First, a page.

Later, when he described a queen’s residence, he also suggested this was one of the queen’s favorite ‘asses.’

Yes, we had a “eck” of a time in London and would be more than “appy” to visit again.

England’s vote to leave the European Union last month will impact the world. Stock photo

By Wenhao Ma

Britain’s decision to leave the European Union three weeks ago has caused mortgage rates to decline in United States, and North Shore financial advisors and real estate agents see Brexit’s impending global changes as good and bad.

A North Shore real estate agent said following Brexit, U.S. mortgage rates have greatly decreased

The value of British pound dropped rapidly after England’s vote on Thursday, June 23, and was significantly lower than the U.S. dollar next Monday. With the change of value in currencies, offshore money has started to flood into the United States, which leads to a drop in mortgage interest rates, according to James Retz, associate real estate broker for Daniel Gale Sotheby’s International Realty in Cold Spring Harbor.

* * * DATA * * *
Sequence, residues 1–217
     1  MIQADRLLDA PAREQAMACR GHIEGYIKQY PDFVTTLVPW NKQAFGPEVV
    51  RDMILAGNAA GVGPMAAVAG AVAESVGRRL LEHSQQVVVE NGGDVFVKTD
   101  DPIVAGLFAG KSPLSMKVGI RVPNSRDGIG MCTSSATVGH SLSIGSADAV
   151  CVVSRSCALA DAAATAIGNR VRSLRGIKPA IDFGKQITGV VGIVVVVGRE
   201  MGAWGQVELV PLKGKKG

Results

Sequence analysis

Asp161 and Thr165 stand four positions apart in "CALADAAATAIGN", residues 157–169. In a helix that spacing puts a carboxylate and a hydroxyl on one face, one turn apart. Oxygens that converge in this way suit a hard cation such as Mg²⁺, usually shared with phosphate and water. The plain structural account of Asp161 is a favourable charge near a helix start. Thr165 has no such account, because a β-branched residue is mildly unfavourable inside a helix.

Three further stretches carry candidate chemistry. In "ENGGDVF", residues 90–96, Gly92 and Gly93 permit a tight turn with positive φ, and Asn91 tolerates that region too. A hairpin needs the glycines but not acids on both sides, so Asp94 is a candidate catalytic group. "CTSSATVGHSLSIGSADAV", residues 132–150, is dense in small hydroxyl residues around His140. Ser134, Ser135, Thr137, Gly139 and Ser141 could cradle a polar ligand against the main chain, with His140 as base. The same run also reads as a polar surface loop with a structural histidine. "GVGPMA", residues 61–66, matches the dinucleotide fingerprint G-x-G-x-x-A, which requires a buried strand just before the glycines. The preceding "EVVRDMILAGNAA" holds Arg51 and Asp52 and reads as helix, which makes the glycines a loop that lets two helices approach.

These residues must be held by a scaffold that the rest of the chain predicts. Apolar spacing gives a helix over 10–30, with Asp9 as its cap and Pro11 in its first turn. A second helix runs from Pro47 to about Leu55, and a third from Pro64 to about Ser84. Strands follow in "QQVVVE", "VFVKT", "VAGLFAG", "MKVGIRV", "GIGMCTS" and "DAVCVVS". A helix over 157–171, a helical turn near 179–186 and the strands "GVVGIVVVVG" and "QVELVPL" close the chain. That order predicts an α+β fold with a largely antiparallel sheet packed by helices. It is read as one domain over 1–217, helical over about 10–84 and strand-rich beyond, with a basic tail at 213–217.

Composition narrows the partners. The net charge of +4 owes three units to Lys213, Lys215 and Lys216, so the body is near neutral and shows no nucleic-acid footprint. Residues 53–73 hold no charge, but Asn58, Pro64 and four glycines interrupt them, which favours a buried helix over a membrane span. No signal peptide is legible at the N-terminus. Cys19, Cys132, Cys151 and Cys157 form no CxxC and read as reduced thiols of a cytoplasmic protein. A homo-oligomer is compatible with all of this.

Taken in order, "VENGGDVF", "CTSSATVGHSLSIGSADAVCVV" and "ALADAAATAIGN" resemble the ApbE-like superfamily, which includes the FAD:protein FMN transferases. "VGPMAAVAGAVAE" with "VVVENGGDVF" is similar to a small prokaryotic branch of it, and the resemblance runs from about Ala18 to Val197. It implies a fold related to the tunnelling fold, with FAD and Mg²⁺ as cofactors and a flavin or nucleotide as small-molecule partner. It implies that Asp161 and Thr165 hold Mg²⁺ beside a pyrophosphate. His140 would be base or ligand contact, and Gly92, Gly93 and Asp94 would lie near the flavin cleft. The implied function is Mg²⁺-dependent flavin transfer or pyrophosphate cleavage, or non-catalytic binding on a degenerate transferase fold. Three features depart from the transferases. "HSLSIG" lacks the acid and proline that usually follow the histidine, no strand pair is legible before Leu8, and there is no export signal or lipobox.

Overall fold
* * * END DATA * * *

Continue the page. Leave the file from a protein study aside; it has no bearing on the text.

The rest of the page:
“It’s only been a few days since Britain’s vote to leave the European Union,” he said. “[But] several lenders here have posted lower interest rates for long-term fixed rate mortgages.”

Up until Thursday, June 30, the average 30-year fixed rate had fallen under 3.6 percent and the 15-year fixed rate was more than 2.7 percent.

Retz ruled out the possibility of domestic factors causing low rates.

“I am not aware of anything that has happened in the USA to make the rates drop,” he said. “Until Britain’s vote to leave the European Union a few days ago, mortgage rates were static.”

Besides mortgage rates, Brexit hasn’t yet had much impact on Long Island’s economy. But experts do a predict small influence on local tourism.

“There will be a small negative effect on students and tourists visiting Long Island as the dollar has strengthened against the pound,” Panos Mourdoukoutas, professor of economics from Long Island University, said. “But it will benefit Long Islanders visiting the U.K.”

Mark Snyder, owner of Mark J. Snyder Financial Services Inc., shared that opinion.